Shaping aggressive personality in adolescence: Exploring cross-lagged relations between aggressive thoughts, aggressive behaviour and self-control

Aja Louise Murray, Ingrid Obsuth, Manuel Eisner, Denis Ribeaud

Research output: Contribution to journalArticlepeer-review

Abstract

Aggressive ideations can be defined as thoughts, daydreams or fantasies of harming another. They feature in theoretical models of aggressive behaviour causation and are used in violence risk assessments. Little is known, however, about long term relations between aggressive ideations, aggressive behaviour and related variables such as self-control. We examined cross-lagged associations between these variables in the most recent two waves of the Zurich project on social development (z-proso) when the participants were aged 15 and 17. We found that aggressive ideations were highly stable across this time span. The only significant cross-lagged effects were between aggressive behaviour at age 15 and self control and aggressive ideations at age 17. Results are consistent with the strength model of self-control in which changes in specific self-controlled behaviour can produce generalised changes in self-control. They are also consistent with the hypothesis that aggressive ideations are more a reaction to or a reflection of shared causes with, rather than a cause of, aggressive behaviour. Future studies should aim to integrate measurements across short and long time scales in order to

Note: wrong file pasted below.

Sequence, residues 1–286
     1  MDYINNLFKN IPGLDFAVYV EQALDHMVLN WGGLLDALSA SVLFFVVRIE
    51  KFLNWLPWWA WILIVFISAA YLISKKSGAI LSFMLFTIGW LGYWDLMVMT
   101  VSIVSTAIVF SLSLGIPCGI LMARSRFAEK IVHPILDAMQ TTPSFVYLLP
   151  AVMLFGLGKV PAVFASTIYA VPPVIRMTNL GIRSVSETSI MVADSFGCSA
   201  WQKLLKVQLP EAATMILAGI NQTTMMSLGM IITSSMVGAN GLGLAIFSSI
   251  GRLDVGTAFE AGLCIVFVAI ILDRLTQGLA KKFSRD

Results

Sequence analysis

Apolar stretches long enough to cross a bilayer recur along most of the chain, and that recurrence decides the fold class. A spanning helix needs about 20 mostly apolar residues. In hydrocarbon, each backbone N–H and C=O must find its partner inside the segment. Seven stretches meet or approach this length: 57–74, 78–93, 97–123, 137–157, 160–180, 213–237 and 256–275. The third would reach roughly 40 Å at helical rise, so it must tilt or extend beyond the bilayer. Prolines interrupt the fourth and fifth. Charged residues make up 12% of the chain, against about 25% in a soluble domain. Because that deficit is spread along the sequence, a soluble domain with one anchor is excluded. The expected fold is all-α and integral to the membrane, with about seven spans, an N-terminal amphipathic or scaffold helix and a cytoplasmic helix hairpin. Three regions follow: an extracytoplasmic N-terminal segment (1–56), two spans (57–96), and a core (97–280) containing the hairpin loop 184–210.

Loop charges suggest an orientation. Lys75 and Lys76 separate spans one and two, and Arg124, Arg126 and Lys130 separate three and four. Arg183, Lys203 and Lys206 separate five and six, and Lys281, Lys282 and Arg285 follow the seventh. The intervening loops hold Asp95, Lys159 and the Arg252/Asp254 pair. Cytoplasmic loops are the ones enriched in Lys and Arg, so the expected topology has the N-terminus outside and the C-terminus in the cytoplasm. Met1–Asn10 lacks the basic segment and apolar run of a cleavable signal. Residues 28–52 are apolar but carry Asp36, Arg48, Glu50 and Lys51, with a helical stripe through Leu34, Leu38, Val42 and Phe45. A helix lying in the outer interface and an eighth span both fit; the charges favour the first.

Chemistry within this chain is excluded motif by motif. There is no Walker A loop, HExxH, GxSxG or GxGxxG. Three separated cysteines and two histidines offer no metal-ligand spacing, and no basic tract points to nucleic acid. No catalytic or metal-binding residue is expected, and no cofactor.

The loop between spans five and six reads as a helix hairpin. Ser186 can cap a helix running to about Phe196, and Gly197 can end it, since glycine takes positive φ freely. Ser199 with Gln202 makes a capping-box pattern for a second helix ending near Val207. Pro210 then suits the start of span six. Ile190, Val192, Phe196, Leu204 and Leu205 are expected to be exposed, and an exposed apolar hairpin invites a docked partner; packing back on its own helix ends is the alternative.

further understand the causal interactions between aggressive ideations and behaviours as they play out across at the state and trait level.
Original languageEnglish
Pages (from-to)1-7
JournalPersonality and Individual Differences
Volume97
DOIs
Publication statusPublished - 1 Jul 2016

Keywords

  • aggressive ideations
  • aggression
  • longitudinal
  • self-control

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